Monday, 18 October 2010
Last Thursday the President of Iran, Mahmoud Ahmadinejad, travelled to southern Lebanon in a show of support for the terrorist organisation Hezbollah. The President stood within four kilometres of Israel to address a crowd of thousands of people at a stadium in Bent Jbeil. He was joined by his Hezbollah No. 2, Naim Qasim, along with Hezbollah chief Hassan Nasrallah via video link. President Ahmadinejad took the opportunity to offer another of his now infamous denunciations of Israel. He said, ‘The occupying Zionists today have no choice but to accept reality and go back to their countries of origin.’ Not content for the state of Israel to be abolished, he added, ‘The entire world should know that the Zionists are destined to disappear from the world.’ This language comes as no surprise to anyone who is familiar with the President’s speeches of hate. In 2005, in his ‘World without Zionism’ speech, he declared that Israel must be wiped off the map. In 2006, at the deeply offensive International Conference to Review the Global Vision of the Holocaust, hosted in Tehran, he stated, ‘The Zionist regime will be wiped out soon.’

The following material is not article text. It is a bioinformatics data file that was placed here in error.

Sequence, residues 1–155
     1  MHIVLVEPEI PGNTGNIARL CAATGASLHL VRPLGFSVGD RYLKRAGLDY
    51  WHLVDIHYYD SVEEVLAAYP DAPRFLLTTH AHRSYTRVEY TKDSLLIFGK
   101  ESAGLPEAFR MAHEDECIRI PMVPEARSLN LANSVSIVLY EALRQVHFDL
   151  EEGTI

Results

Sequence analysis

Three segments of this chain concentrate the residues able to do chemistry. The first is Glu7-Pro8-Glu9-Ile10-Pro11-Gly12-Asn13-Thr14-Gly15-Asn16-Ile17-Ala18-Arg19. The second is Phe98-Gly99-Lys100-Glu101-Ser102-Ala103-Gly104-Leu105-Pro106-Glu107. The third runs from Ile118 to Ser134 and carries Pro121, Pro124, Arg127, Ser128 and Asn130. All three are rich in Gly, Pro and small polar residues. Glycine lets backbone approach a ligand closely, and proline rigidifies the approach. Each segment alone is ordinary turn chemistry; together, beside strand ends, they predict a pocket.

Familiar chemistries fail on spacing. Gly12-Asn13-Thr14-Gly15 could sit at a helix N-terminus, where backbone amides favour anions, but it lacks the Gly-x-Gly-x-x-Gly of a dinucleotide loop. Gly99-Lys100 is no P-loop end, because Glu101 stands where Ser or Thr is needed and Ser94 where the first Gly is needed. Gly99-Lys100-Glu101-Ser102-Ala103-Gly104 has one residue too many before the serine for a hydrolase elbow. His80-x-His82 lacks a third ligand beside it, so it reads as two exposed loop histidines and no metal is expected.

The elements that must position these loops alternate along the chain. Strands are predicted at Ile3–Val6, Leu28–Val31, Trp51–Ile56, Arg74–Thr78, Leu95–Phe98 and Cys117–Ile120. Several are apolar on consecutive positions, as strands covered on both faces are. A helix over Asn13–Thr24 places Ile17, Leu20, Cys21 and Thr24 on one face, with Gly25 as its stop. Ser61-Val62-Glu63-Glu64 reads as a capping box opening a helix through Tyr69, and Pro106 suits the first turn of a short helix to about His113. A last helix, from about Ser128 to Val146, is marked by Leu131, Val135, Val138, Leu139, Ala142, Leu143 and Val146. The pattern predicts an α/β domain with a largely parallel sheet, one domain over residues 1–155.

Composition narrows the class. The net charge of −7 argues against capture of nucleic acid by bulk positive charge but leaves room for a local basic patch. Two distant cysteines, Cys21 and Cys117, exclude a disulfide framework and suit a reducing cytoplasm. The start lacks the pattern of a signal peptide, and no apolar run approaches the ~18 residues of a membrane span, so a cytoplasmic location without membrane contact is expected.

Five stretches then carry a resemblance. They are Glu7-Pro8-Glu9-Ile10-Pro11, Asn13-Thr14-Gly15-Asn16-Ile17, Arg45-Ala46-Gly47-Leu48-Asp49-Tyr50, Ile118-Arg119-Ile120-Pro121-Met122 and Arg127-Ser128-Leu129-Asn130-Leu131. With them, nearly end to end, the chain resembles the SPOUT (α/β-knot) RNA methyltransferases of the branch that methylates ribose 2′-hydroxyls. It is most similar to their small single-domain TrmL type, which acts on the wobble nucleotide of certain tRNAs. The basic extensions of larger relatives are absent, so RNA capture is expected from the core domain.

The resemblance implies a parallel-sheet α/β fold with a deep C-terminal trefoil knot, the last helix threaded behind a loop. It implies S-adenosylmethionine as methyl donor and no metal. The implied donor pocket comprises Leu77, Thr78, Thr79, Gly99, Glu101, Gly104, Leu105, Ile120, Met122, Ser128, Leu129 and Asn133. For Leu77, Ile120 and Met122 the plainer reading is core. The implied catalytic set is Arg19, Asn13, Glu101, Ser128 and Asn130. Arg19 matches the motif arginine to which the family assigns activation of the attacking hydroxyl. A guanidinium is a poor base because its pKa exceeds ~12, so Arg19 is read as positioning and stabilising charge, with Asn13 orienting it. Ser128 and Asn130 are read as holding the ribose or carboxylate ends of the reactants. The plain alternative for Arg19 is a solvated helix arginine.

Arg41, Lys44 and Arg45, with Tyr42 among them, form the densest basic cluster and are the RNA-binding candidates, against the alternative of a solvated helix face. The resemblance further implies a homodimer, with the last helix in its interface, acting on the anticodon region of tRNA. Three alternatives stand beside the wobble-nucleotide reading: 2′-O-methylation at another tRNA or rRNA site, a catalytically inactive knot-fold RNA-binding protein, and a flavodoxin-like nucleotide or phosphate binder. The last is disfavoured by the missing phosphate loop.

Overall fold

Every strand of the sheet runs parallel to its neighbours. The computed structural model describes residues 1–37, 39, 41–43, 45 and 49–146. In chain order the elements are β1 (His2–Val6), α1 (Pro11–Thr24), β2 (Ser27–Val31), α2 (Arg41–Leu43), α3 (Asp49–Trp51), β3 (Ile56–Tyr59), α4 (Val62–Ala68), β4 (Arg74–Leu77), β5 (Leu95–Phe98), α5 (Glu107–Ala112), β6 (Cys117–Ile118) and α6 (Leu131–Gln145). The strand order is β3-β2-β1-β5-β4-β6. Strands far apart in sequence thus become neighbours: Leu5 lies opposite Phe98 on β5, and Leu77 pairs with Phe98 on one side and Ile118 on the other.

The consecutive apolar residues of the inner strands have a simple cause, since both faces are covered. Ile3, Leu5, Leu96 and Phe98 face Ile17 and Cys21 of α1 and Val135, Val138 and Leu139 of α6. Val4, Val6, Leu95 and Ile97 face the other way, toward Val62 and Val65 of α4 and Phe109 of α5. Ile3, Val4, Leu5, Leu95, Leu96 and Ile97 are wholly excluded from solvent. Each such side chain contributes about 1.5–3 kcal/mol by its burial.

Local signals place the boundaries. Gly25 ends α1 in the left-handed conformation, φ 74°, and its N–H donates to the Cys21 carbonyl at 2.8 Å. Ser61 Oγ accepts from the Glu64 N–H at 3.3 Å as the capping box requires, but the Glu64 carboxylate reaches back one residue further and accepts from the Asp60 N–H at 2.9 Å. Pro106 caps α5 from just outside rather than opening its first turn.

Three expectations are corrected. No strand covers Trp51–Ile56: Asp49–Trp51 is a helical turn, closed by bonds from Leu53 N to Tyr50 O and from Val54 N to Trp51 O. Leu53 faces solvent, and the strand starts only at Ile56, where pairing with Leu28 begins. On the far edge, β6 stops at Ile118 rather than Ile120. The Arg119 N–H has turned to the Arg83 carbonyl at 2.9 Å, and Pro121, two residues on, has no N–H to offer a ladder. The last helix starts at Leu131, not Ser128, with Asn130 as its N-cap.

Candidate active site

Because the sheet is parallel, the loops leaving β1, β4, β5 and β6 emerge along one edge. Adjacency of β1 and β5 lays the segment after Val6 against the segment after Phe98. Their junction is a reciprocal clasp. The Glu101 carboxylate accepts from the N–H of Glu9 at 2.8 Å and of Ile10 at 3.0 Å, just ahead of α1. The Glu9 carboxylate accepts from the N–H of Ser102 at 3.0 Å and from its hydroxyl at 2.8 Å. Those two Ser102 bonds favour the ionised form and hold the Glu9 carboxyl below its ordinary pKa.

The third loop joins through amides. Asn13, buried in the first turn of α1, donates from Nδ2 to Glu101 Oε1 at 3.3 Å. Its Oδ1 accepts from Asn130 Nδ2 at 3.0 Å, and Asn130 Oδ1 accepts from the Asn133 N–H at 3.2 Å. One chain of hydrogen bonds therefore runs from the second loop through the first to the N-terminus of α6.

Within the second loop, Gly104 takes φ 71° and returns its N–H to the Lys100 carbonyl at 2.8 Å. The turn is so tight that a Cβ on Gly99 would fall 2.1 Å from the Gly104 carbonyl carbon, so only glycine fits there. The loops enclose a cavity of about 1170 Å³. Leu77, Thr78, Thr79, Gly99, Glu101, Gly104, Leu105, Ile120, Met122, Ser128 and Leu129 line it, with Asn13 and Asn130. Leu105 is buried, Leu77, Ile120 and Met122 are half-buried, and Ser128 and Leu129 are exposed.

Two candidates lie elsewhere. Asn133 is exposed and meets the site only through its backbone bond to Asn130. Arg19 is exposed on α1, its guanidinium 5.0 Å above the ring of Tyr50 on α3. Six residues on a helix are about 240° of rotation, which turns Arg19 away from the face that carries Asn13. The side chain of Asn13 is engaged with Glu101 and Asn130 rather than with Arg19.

While some in the West suggest that Israel should shrug off the latest statements by the President, they ignore the reality of Israel’s situation. Israel is a bastion of freedom and democracy in a region where both are highly undervalued by neighbouring regimes. It is a nation that faces the very real prospect of terrorism on a daily basis, with some of its neighbours committed to its very destruction. Israel has every right to defend itself against terrorist acts. Israel not only has the right to defend itself but also has an obligation to do so. It is right to take action in self-defence. The right to do so is enshrined in international law under article 51 of the Charter of the United Nations. Israel would be derelict in its responsibilities not to do so. Israel has every right to feel threatened by Iran’s overtures. Moreover, such statements by the President cannot be ignored, especially given the precarious state of affairs in the region. President Ahmadinejad’s trip is a clear sign that the Ayatollah regime is extending its influence in Lebanon. Hezbollah, Iran’s close ally in Lebanon, shares power in a fragile unity government with the pro-Western coalition.